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L’extrait de gui par voie intraveineuse dans le traitement du cancer, par Dr Neil McKinney, ND (non-pratiquant)

Despite over a century of clinical use, and thousands of books, articles, and research publications, including a number of meta-analyses, the use of mistletoe lectins for cancer has been characterized as lacking in evidence. In this recent publication by Paller, et al., we see the first evidence generated in the United States to validate this practice.

This was a Phase I trial of intravenous mistletoe extract to evaluate safety and to set doses for a Phase II trial. Patients with solid tumor progression on at least one line of chemotherapy received escalating doses of the mistletoe extract three times a week.

Twenty-one patients were given doses up to 600 mg and were followed for a median of 15.3 weeks. Treatment-related adverse events (AE) occurred in 13 patients (61.9%), with the most common being fatigue (28.6%), nausea (9.5%), and chills (9.5%). Grade 3+ treatment-related AEs were noted in three patients (14.8%).

Five participants achieved stable disease and three had reductions in lesions. The disease control rate (percentage of complete/partial response and stable disease) was 23.8%.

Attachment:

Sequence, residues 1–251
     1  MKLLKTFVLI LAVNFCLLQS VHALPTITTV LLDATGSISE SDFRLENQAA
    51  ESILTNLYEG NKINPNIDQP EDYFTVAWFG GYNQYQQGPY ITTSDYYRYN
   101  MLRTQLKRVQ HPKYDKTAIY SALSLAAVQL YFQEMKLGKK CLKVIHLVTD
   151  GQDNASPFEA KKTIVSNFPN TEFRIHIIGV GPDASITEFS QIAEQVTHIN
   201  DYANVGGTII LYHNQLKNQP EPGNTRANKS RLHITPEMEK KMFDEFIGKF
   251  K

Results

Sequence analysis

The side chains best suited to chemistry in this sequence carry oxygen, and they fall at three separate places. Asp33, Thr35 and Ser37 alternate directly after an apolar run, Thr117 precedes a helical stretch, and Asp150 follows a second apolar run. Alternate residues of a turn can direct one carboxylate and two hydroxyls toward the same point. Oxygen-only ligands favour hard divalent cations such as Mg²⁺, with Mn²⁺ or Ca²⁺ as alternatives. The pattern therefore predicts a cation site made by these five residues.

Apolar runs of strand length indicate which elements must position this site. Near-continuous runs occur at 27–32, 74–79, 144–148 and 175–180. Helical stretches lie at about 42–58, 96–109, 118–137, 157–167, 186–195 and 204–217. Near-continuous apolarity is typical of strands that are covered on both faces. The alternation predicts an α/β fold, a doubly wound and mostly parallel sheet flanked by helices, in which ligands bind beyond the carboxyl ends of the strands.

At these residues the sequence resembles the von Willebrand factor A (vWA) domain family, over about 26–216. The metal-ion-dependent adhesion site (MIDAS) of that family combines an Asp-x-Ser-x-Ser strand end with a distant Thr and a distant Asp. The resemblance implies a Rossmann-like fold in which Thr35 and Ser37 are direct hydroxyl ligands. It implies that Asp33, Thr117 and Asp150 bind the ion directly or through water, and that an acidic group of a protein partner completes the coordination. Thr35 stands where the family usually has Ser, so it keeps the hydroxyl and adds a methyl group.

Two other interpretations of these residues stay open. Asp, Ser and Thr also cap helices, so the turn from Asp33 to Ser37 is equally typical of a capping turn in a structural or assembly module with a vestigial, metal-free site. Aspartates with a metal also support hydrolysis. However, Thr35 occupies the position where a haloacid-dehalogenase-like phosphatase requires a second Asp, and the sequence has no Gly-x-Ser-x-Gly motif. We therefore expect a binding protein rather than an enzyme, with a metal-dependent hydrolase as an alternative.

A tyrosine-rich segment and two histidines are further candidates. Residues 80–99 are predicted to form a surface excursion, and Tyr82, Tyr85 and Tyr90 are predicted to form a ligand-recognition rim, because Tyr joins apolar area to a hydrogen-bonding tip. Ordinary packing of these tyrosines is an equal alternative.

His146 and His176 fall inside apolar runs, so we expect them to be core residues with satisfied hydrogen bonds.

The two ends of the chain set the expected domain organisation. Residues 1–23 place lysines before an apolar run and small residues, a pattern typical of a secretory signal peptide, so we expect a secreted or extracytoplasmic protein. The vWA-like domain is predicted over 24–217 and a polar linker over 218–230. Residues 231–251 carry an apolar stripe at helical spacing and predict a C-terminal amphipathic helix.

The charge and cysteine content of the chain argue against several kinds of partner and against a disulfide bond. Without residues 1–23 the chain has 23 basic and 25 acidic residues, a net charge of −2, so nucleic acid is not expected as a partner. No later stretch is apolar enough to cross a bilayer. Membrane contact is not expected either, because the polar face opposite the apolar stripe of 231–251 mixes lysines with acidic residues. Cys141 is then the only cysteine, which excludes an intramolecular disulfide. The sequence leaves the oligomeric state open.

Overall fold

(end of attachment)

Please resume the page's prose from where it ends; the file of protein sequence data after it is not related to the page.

Tumour marker Ca-125 in serum showed a slower rate of increase at higher dose levels.

The median quality of life (QoL by Functional Assessment of Cancer Therapy-General) score increased from 79.7 at week 1 to 93 at week 4.

The authors concluded that Intravenous mistletoe extract demonstrated manageable toxicities with disease control and improved QoL in a heavily pretreated solid tumor population. This supports further studies specifically designed to show therapeutic efficacy.

It should be noted that the most common method of use of mistletoe is by subcutaneous injection over very long-time scales. Physicians around the world have used various brands and types of mistletoe, determined by the specific cancer type, and primarily as an adjunct concurrent with chemotherapy and immunotherapy to manage adverse effects, and to maintain quality of life through into palliative care. It is hoped that studies that reflect these practices will also occur, rather than solely focusing on tumour reduction in advanced cases by a single type of mistletoe extract.


1. Paller, C.J., Wang, L., Fu, W., et al., Phase I Trial of Intravenous Mistletoe Extract, Cancer Res. Comm. 2023; 3 (2): 338-346. doi.org/10.1158/2767-9764.CRC-23-0002

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